ARIN is not/is too/is not/is too... blah.
michael at memra.com
Sat Mar 29 19:09:42 UTC 1997
On Sat, 29 Mar 1997, Matthew Pearson wrote:
> > I'am I the only one that finds that the fact that the prices actually
> >*decrease* the larger the address blocks is disturbing?
> I feel that it is disturbing as well. Since IP addresses are supposed to
> come from a non-profit organization all prices should be equal. Why should
> US Sprint get a deal (not to single them out.. take any HUGE network
> provider) on addresses and then have ARIN stick it to smaller NSPs such as
> our own.
> It makes no sense...
That's because you are misunderstanding what is happening. ARIN is not
selling IP addresses, If you want the costs to be spread evenly among all
ISP's then you can join ARIN and have a say in doing this but please be
aware that this will likely result in Sprint paying LESS and you paying
MORE. The fact is that in order to be independent of government, ARIN has
to pay its own way. This means that the members of ARIN and the users of
ARIN's services must divide the costs between them somehow. If you have a
better plan that takes into consideration ALL costs then please propose it
on the ARIN list. In fact, since ARIN is a member-run non-profit
organization, it is a certainty that if real costs go down, then fees will
also go down. This is what happened in Europe with RIPE.
> Not to mention you will then create 2nd level IP allocation companies. I
> could pay the bucks, misfile the paperwork and get a /14 or two and then
> resell smaller blocks for less than ARIN's prices to NSPs starving for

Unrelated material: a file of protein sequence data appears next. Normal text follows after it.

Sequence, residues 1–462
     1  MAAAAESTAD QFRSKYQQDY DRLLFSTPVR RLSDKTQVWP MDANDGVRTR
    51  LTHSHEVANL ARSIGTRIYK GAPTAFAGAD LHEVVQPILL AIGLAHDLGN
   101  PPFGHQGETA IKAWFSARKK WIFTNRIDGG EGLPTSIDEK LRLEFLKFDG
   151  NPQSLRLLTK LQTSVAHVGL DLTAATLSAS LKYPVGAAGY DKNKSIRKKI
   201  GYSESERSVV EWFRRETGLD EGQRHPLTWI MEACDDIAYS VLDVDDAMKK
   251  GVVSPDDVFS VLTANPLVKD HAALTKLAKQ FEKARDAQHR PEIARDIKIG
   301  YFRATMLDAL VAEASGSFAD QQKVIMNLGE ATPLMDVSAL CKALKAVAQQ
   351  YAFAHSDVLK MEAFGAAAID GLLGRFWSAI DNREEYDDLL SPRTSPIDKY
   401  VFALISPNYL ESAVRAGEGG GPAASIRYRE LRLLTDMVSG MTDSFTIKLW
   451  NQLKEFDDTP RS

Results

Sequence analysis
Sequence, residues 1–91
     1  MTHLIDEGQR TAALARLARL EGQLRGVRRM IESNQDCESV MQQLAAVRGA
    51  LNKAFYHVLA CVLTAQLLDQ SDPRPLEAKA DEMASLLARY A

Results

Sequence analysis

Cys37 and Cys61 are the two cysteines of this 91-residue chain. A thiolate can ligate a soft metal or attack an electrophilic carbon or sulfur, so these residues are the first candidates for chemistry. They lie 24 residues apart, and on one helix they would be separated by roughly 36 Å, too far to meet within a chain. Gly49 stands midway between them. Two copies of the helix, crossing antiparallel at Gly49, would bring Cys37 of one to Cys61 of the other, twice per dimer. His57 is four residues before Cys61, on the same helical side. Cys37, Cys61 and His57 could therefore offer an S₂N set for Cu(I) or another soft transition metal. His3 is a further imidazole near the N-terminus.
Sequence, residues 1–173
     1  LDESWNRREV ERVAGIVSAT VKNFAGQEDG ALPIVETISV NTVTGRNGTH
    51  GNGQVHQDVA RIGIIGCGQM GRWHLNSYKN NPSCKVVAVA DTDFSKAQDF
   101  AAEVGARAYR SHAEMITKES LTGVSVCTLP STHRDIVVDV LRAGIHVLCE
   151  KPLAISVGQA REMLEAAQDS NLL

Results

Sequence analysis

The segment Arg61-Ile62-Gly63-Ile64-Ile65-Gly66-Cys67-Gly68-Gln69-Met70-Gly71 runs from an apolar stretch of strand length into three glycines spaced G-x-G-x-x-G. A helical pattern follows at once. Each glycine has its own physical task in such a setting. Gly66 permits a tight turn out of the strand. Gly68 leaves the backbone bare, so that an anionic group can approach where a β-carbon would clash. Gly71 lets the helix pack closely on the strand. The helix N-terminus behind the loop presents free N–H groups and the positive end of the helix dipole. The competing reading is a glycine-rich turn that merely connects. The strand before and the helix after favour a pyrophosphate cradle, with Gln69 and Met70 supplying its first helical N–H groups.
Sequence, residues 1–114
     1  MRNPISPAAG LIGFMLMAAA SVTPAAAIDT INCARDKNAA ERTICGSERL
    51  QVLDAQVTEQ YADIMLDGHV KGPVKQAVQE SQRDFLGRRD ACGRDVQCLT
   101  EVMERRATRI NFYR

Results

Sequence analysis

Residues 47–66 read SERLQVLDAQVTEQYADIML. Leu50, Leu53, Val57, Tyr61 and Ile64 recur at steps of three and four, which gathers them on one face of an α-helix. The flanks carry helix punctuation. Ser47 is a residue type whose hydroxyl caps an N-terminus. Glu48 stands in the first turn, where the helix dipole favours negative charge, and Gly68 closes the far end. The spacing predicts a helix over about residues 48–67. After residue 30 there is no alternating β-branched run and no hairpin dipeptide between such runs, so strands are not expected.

> address space.
This will not happen unless you lie to ARIN and forge documents to back up
your lies. If this did happen, not only would your criminal behavior be
made public but I would urge the FBI to lay charges against you. If the
FBI would not do this I would urge ISOC and EFF to file a civil suit
against you. I suspect the FTC would also have some interest if you are
selling IP addresses which you do not own since IP addresses are not
things which you buy, they are also not things which you can sell.
I don't understand why so many people want to push these ideas to reductio
ad absurdum. We all rely on a cooperative network in order to support our
businesses. Without a cooperative network there is no industry and we
would all be out of work. Why can you not see that ARIN is just another
form of cooperation in keeping the network running smoothly so that we can
all get on with business. As the network gets bigger there are more and
more activities that it makes sense to carve out and run autonomously.
Michael Dillon - Internet & ISP Consulting
Memra Software Inc. - Fax: +1-250-546-3049
http://www.memra.com - E-mail: michael at memra.com
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